Reading Group Guide
This reading group guide for Ten Girls to Watch includes an introduction, and discussion questions. The suggested questions are intended to help your reading group find new and interesting angles and topics for your discussion. We hope that these ideas will enrich your conversation and increase your enjoyment of the book.
Dawn West knew life would be hard when she moved to New York. She just didn’t know it’d be this hard. On top of being broke, jobless, and living in a shabby Brooklyn apartment—complete with a slob of a roommate who won’t pay rent—Dawn is struggling to get over her ex-boyfriend Robert, who is blissfully dating a girl Dawn wants to hate. Making a pittance from her gig writing for a lawn care website under a pseudonym, Dawn is thrilled when a chance to freelance for Charm magazine comes her way. Her assignment? To track down the past winners of Charm’s annual Ten Girls to Watch contest and plan an event to honor their achievements.
As Dawn tracks down each of these extraordinary women, while experiencing the highs and lows of being twenty-something in the big city, she begins to question much of what she thought she knew about success, friendship, love—and ultimately—about herself.
Questions & Topics for Discussion
1. Read each of the Ten Girls to Watch profiles interspersed throughout the novel. What do you think Dawn learns from each of these women when she speaks to them, years after those profiles were printed? In your opinion, does she successfully take their advice to heart? What story or piece of advice stayed with you?
2. Of all the prior Ten Girls to Watch winners that Dawn interviews, who was your favorite? Why?
3. Rebecca, one of the contest winners, tells Dawn: “ ‘I had a revelation after I became a professor here, and it’s basically this: sometimes there are excuses, and sometimes there are reasons. . . . I don’t know why most women blame themselves first, but we do, and it was a total revelation for me to look outside myself and see some other folks who deserved some blame.’ ” (p. 265) Do you agree with Rebecca’s conclusion? Why or why not? Do you think Dawn is too quick to blame herself ?
4. Reflecting on her sister, Dawn says, “Sometimes I felt I was living in New York for both of us. And sometimes I thought I was in New York out of some sort of perverse sibling rivalry.” (p. 33) What do you think of Dawn’s view of Sarah, their relationship, and her own reasons for being in New York? Does their relationship remind you of any in your own life?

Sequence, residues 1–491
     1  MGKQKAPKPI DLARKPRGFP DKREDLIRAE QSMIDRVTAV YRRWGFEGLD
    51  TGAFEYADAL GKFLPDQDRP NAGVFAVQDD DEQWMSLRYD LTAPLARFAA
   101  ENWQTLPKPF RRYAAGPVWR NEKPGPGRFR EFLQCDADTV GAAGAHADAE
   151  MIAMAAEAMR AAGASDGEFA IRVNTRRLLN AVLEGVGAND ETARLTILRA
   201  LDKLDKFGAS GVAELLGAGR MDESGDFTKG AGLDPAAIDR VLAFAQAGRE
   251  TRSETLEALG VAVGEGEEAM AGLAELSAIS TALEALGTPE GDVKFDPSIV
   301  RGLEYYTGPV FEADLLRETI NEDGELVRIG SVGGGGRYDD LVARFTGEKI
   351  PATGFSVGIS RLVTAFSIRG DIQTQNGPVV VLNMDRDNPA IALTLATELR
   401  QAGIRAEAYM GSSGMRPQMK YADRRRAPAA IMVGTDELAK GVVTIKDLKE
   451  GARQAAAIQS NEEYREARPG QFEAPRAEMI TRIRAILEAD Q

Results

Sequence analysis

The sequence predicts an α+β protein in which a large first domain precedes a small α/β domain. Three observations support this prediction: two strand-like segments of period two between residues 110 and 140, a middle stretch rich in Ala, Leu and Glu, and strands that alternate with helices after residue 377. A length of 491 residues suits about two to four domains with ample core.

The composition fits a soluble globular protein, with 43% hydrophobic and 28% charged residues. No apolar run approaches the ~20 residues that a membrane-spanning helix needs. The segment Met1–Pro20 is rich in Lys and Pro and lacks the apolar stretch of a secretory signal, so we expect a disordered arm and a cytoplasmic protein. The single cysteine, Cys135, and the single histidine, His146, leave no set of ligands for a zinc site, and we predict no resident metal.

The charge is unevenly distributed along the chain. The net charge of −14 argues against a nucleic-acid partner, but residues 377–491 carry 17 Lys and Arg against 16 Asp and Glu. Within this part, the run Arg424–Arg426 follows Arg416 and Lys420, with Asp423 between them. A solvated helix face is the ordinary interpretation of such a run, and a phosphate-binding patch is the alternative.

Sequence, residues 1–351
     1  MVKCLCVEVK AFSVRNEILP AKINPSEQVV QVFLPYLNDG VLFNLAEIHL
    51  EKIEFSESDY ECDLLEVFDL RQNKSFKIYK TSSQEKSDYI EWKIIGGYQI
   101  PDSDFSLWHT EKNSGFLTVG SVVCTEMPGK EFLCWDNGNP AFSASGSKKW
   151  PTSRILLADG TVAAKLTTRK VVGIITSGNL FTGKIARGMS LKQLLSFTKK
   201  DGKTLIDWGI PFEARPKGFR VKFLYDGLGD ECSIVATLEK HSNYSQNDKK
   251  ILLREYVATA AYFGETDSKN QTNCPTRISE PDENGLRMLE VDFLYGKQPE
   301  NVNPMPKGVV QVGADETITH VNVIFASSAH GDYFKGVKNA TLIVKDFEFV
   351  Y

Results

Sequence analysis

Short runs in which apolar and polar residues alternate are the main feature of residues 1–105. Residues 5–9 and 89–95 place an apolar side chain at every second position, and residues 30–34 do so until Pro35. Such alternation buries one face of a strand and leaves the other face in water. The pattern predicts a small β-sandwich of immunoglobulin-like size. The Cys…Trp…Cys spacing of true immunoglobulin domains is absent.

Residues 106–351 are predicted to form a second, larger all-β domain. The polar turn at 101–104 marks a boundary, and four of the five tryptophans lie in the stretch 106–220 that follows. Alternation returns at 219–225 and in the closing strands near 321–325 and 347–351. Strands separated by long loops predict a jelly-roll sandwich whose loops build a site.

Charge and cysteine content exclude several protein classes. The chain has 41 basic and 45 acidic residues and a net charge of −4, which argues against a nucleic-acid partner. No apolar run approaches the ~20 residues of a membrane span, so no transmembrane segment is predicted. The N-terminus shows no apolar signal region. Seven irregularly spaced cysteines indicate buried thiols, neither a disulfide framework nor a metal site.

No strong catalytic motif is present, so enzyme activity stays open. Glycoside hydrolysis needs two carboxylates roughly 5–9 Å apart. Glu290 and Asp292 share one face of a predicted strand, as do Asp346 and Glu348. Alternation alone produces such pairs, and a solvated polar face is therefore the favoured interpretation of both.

5. How do the themes of sisterhood, friendship, and female empowerment that emerge through the stories of the Ten Girls to Watch winners relate to the relationships in Dawn’s life? Consider Abigail, Lily, XADI, Sarah, Helen, and Dawn’s mother.
6. At the Ten Girls to Watch gala, Regina says: “ ‘Turns out there’s just something about women who enter a contest. Once they enter one, they’re going to be entering them again and again, formal and informal, for the rest of their lives. Women who are willing to compete are the women you want on your side!’ ” (p. 314) Do you agree or disagree with this statement? Do you consider yourself to be a competitive individual?
7. How did you react to the way Dawn handled her relationship with Sylvia? How did their interactions speak to Dawn’s character? What would you have done if you were Dawn? Were you reminded of any similar roommate horror stories?
8. At one point in the book, Dawn reflects: “Robert had solved all his problems by finding the right person. And I, the wrong person, was left with all of mine.” (p. 105) How does Dawn amend this statement by the end of the novel?
9. Dawn has two romantic relationships through the course of the novel—Robert and Elliot. Compare and contrast the two men. How does Dawn change as a person when she is with Robert? With Elliot? What do you think Dawn learns from the two relationships? What does she learn about being single? Do you think she should do as Lily advised and fire back at Elliot for the awful way he ended their relationship? Would you?
10. The philosophy behind Rachel’s dating site is to assign people to different parties based on the data and personal information they provide. Do you think this is an effective way to match people? Why or why not? Would you ever go to a party hosted by The One?
11. What potential do Lily, Regina, and Helen see in Dawn that she has a hard time seeing in herself ? How does Dawn’s own perception of herself change as the novel progresses?
12. Pages 158 and 159 of Ten Girls to Watch offer snippets of advice that the contest winners wish someone would’ve given them when they were twenty-one. What advice would you give to someone ten years younger than yourself ?
Enhance Your Book Club
1. Write your own winning Ten Girls to Watch profile, as it would’ve read back when you were eighteen. Then, create your profile as it would read today. Compare the two. Are you surprised by how similar or different they are?
2. If Ten Girls to Watch was being made into a movie, whom would you cast for each role?
3. Dawn’s grandmother was inspired by The Sound of Music, which in turn inspired Dawn’s writing. Get together for a Sound of Music movie night, complete with some of Dawn’s snack foods like popcorn and Cap’n Crunch. End it by listening to the “Flower Duet” from Lakmé, the song performed by Danni and Jessie at the gala.
4. Author Charity Shumway writes a blog about “growing and cooking in the city” called Spade & Spatula (www.SpadeSpatula.com). Browse through the posts and choose either a planting project to do with your book club members or a recipe to cook for your next meeting